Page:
Sound — 9
I'll be honest; I detested Bring Me The Horizon on first hearing, probably because I hadn't warmed to that sort of music at that point. But having overcome my great sense of navety, I gave this album a listen, and after that I couldn't stop. Having heard a lot of other deathcore music, I don't think that this album really integrates itself with deathcore generally, but that's not a bad thing. It's quite a unique sound, and BMTH are a unique band. The guitars are blatantly heavily distorted, there's no holding back in order to smoothen off the sound; it's all-out. The drums and bass are also relentless and they mesh together really well with the guitars, and with Oli Sykes's versatile screaming voice. That part is one of my favourites, the vocals. Especially in Pray For Plagues (at 3:57, to be precise), his death growl goes right through you, and it's enough to blow half the metal vocalists known to the planet out of the water. While there are a lot of similarities between each track, no two of them are in any way identical. This does quite well given the fact that the tones of all the instruments and Oli's voice stay pretty much the same throughout the whole 45 minutes of the disc. To be honest, the production on the album isn't earth-shattering, but for a debut album, the band have already sold themselves, and the sound of the music overall is one of the most refreshing I've heard in a while from any band.
Lyrics — 9
Being a deathcore band, the lyrics in the album are quite expectedly about... well, death. What I like in particular about the lyrics, though, is that, unlike a lot of death metal bands, they haven't clogged up each song with the same kind of monotonous, violent, hateful lyrics describing the same manner of death over and over again. No, the concept comes in a different light with each track; some are about revenge ('Braille (For Stevie Wonder's Eyes Only)', 'Off The Heezay'), 'Pray For Plagues' makes references to the apocalypse, and '(I Used To Make Out With) Medusa' tells the story of, well, Medusa. All this with a lot of profanity. That doesn't really negate the quality of the album as such, and it does integrate itself with the actual music. And, to be honest, what did you expect from a rough metal band from the north of England?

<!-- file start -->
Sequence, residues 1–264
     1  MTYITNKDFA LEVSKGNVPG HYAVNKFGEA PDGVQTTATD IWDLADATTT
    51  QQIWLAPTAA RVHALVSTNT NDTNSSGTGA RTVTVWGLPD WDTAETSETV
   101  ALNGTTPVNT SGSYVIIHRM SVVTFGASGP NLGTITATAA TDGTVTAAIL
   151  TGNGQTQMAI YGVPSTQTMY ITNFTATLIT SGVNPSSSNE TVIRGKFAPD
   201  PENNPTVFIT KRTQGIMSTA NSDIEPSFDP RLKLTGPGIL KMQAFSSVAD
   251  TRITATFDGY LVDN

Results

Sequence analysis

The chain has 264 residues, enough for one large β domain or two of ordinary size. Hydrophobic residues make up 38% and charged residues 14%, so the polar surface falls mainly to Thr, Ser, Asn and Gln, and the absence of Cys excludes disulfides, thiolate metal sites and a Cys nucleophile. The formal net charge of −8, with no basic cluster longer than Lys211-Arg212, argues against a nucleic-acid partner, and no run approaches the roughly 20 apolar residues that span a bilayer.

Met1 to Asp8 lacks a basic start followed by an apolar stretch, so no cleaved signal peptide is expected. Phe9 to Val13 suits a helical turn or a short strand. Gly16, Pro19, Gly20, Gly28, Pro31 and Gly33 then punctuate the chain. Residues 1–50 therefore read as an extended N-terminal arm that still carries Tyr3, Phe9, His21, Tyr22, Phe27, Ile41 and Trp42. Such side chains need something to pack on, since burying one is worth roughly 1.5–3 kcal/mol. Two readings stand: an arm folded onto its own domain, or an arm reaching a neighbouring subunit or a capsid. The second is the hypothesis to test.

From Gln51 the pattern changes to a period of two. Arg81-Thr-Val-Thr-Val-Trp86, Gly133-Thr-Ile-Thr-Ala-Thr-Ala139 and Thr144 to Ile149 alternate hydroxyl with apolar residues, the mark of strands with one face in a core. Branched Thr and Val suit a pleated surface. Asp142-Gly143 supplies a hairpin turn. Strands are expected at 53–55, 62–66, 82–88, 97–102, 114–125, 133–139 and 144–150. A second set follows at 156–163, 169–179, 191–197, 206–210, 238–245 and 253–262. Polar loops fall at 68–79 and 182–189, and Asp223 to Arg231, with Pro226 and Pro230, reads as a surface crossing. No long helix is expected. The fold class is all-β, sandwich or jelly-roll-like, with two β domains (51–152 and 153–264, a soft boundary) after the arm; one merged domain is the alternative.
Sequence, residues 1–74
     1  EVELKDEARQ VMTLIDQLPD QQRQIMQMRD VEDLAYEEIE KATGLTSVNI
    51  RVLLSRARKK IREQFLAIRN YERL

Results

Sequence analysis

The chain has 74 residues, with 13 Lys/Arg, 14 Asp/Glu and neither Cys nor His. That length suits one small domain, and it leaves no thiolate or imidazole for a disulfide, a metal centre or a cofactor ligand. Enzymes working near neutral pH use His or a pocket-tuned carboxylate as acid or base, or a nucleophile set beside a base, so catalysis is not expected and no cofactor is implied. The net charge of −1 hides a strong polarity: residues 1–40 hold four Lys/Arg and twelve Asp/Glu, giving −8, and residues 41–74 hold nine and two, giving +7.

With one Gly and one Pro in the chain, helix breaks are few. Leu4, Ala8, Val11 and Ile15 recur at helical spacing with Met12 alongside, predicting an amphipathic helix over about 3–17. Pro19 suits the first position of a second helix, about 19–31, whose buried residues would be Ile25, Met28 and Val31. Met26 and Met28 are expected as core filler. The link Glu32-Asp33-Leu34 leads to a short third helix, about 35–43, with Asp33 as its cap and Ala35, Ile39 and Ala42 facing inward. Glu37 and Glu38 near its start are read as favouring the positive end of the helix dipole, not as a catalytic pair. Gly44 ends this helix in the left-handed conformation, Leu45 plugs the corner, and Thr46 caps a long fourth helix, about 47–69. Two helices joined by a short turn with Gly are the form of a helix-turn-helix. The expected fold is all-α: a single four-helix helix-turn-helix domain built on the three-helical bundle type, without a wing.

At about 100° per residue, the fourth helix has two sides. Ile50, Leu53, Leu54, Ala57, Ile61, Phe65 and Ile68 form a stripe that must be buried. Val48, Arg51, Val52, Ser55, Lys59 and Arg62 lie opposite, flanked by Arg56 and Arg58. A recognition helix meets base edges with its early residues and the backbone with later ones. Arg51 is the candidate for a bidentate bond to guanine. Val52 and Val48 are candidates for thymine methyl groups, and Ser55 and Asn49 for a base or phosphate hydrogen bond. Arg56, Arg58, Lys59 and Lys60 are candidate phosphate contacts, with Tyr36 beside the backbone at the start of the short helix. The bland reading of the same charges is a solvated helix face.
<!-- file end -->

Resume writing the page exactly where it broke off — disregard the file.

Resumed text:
Overall Impression — 9
I could listen to this album over and over again and it would take years before I became the slightest bit bored. The brutality of some of it really appeals to me, and while deathcore has started to become quite popular since the early new millennium, BMTH stay, for me, quite unique, and top a lot of the other bands of that genre. I don't really have a favourite song from the album; they all pretty much satisfy my needs for loud, heavy, anger-venting music, but if I would listen to one song first, it would probably (quite conveniently) be the first track, Pray For Plagues. It kicks in very suddenly and kicks off the whole album with style. The way it does begin is quite a smack in the face for anyone who hasn't experienced music of this sort yet. Saying that, that's probably why a lot of people won't like it at first, but I'm sure a lot of people will be able to warm to it, like I did, with a bit of patience, tolerance, and volume control on your iPod.